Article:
MotorcycleAnyone who loses a loved one in a motorcycle accident is entitled to seek compensation for their loss through a Maryland wrongful death lawsuit. In Maryland, wrongful death lawsuits must be brought by a primary beneficiary, if one exists. A primary beneficiary includes a surviving spouse, parent, or child of the accident victim. If no primary beneficiary exists, a secondary beneficiary can bring the claim. This opens up the class of putative plaintiffs to anyone who was related to the accident victim by blood or marriage and was substantially dependent on the accident victim.

Once it is determined that the proper party is bringing the wrongful death claim, the claim itself must be established. This requires the plaintiff to show that some negligent act or omission of the defendant resulted in the death of their loved one. Proof of negligence can be shown through the admission of cell phone records, traffic citations, accident reports, or eyewitness testimony. If successful, damages normally include not only amounts for actual losses incurred, such as medical expenses, but also amounts for mental anguish, pain and suffering, and loss of companionship.

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Most cyclists fairly believe that as long as they have insurance, they will be covered in the event of a Maryland bicycle accident. However, insurance contracts can be tricky, and insurance companies often try to interpret insurance contracts in their own favor, potentially limiting the amount of coverage provided to a motorist and at the same time limiting the insurance company’s overall risk.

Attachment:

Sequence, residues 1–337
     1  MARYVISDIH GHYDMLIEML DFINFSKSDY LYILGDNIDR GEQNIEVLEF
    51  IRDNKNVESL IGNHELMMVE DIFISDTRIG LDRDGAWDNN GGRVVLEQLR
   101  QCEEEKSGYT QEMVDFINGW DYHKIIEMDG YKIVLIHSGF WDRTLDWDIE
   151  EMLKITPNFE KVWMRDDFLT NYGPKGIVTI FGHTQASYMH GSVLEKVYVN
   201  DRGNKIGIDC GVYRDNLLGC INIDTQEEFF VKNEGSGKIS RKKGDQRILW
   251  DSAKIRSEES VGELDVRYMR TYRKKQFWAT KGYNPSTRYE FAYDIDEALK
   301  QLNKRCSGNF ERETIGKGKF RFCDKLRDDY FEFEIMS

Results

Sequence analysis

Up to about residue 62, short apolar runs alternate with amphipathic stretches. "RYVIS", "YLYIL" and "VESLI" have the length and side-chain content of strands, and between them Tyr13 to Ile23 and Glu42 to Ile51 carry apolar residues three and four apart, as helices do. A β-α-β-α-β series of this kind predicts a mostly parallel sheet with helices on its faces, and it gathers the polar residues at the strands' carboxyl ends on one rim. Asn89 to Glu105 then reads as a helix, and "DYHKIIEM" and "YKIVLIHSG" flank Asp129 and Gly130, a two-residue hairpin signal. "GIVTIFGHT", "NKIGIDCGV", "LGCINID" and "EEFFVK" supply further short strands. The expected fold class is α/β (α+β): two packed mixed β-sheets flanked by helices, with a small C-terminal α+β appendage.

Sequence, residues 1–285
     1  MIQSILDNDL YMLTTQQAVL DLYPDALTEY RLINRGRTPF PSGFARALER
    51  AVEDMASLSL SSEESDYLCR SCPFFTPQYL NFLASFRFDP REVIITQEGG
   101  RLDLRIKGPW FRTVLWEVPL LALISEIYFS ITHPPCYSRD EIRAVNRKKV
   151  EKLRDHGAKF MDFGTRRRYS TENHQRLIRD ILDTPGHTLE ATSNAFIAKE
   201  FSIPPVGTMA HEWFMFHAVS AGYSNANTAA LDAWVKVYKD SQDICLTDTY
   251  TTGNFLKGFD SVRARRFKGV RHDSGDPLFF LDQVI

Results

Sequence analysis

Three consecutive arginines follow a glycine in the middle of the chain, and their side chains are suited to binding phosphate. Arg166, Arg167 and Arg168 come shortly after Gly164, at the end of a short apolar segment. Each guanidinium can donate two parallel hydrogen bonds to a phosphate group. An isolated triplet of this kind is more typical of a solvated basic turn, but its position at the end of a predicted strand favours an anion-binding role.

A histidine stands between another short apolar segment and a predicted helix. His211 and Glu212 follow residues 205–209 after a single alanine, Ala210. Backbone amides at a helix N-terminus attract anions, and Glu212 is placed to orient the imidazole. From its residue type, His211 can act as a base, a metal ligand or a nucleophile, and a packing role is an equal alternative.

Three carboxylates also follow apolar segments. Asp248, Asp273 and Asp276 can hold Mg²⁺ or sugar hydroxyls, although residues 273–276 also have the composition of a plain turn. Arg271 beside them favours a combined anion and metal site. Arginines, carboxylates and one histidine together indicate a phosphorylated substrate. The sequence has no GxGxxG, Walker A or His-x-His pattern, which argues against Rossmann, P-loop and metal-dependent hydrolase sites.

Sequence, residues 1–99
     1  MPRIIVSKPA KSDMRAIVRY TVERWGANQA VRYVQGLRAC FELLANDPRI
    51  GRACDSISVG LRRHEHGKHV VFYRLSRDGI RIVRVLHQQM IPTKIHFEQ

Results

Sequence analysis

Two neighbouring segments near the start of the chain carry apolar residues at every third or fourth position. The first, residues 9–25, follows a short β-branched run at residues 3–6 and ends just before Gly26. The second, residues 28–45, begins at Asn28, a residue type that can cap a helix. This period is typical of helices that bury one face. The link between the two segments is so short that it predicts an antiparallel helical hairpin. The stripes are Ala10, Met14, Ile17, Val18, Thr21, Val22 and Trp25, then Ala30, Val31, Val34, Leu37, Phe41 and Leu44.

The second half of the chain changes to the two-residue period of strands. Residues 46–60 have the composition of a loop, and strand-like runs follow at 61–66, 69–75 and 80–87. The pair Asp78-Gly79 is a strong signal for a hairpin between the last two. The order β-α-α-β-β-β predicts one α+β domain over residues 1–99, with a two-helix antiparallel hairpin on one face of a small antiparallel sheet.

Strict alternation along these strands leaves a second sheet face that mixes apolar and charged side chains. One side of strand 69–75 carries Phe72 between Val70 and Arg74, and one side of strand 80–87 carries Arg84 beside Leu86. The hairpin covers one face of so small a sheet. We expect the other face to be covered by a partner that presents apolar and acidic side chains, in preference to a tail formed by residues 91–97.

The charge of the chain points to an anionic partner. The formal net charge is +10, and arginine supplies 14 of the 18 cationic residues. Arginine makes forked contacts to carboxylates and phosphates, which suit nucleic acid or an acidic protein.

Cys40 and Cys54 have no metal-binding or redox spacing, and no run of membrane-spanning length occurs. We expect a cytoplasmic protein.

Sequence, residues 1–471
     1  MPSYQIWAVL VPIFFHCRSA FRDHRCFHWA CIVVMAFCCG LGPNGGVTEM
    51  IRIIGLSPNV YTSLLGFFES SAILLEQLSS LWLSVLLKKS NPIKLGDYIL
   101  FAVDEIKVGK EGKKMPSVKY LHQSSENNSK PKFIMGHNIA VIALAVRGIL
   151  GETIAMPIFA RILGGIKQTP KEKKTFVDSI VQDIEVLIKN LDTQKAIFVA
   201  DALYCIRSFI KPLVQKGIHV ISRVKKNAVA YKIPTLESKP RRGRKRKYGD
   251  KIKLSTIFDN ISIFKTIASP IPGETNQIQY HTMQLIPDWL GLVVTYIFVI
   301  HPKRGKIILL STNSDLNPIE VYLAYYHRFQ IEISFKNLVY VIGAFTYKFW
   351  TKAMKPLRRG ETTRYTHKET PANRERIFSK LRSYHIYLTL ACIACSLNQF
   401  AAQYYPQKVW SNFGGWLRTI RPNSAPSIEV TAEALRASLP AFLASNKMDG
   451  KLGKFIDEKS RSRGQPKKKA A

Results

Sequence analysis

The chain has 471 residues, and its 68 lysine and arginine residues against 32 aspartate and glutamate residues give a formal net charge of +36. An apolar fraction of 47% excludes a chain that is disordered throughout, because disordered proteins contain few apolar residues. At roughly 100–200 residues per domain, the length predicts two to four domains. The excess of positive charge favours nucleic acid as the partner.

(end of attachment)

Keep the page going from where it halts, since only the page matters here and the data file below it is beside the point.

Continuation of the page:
MotorcycleIn some cases, the insurance company has little to do but settle a case fairly. However, other cases present unique situations in which an insurance company’s clever argument may result in a decrease in the company’s obligations. A recent case illustrates one insurance company’s attempt to characterize the deaths of two bicyclists as a single “accident” under the terms of the policy.

The Facts of the Case

The plaintiff in the case was the surviving wife of a man who was killed in a bicycle accident that was caused by a negligent driver. At the time of the accident, both the plaintiff and her husband were riding on the shoulder of the road. Weather conditions were clear. At some point, a driver came from behind at about 50 miles per hour and first struck the plaintiff’s husband. He was thrown about 165 feet from his bike.